North Penn pounds Abing­ton

North Penn Life - - Sports - By An­drew Mar­cus amar­cus@mont­gomerynews. com

The North Penn ice hockey team is mak­ing a habit of mercy rules and pulled goalies. On Thurs­day Abing­ton be­came the most re­cent vic­tim of the Knights’ at­tack. The Gal­lop­ing Ghosts goal­tender was un­able to make it through the sec­ond pe­riod be­fore he was re­placed.

The new blood be­tween the pipes did not make a dif­fer­ence as the ref­er­ees called off the hounds with nine min­utes left in the game, for an 11-1 win at Win­ter­sports Arena.

For those count­ing at home, since a 4-3 loss to Soud­er­ton to start the sea­son, the Knights have scored 41 goals in five games. And clearly it is not one per­son, be­cause you do not av­er­age more than eight goals per game like they have done in that span be­cause of one su­per­star.

“We have a lot of guys that can put the puck in the net,” Knights’ coach Kevin saitis said. “We have a lot of tal­ent and when we get them go­ing things like tonight can hap­pen. We have a full team back and healthy and the last cou­ple of games we have been click­ing.”

How­ever, lead­ing the Knights in points and to a 4-1-1 record is ju­nior Chris­tian Ahn. Ever since a break­out post­sea­son last March, the cen­ter has been a cat­a­lyst in front of the net.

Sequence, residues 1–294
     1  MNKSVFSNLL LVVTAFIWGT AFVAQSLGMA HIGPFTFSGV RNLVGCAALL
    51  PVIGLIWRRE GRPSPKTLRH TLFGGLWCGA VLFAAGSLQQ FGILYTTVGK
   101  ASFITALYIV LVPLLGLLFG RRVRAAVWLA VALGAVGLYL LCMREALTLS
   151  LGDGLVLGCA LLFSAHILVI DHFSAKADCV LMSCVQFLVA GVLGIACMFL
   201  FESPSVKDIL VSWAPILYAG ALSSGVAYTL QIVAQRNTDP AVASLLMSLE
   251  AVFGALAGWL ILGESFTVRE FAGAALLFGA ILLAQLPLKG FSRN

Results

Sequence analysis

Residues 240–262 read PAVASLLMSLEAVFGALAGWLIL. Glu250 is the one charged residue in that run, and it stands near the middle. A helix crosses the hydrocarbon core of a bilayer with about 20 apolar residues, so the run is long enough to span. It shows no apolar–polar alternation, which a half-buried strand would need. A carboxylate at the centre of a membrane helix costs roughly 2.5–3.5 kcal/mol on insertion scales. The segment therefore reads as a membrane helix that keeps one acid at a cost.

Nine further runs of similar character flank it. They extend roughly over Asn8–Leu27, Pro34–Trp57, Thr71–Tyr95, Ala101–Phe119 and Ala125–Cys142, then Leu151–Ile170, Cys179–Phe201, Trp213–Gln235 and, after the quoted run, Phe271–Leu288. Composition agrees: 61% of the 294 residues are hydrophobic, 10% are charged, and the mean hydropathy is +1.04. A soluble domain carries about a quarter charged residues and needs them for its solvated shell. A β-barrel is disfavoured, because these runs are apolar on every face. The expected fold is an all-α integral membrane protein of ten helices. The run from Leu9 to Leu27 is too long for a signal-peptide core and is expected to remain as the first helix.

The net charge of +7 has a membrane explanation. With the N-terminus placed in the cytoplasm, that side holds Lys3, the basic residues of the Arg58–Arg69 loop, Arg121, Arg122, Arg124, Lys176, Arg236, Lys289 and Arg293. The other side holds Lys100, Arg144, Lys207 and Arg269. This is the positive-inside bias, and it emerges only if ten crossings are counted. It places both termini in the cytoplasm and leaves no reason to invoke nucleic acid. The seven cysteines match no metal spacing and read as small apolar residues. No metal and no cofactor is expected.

“Chris­tian came into his own against Penns­bury and Coun­cil Rock South in the Sub­ur­ban ieague play­offs,” saitis said. “He had seven goals in two games. That is when he came out of his shell. He is a great player. He is fast, phys­i­cal, strong, and he has great in­stincts. He is a ter­rific kid to coach.”

Ahn grew up in South Korea play­ing soc­cer, but was in­tro­duced to the sport he has grown to love by his cousin be­fore he moved to North Wales in fifth grade. His cousin, who is five years older, still plays pro­fes­sion­ally in South Korea.

“My cousin in­spired me,” Ahn said. “I have al­ways looked up to him. I used to prac­tice with him all of the time. But when I was in fifth grade was the last time I have seen him.”

Ahn has now been on skates for seven years and has had to work hard to be­come the player and leader he is to­day for the Knights. He re­mem­bers those days as a fresh­man with the Knights where ice time was lim­ited.

“I was rid­ing the bench fresh­man year,” Ahn said. “I was in­spired the first time I went to my cousin’s game. I have just worked hard to get bet­ter.”

Ahn and the Knights are tak­ing sat­is­fac­tion in be­ing unstoppable. But ex­pe­ri­ences such as last year when they played the Ghosts re­mind them to never feel com­fort­able and al­ways con­tinue to be the ag­gres­sor.

“iast year against Abing­ton we were down 5-0 be­fore we came back to win 12-5,” saitis said. “Tonight we pres­sured the puck in our own zone and did not give them time to set up. Once we get pos­ses­sion we can take off.”

So whether the score is 11-1 in early De­cem­ber or a nail-biter in March, this ex­pe­ri­enced group is ready to put their hard work to good use.

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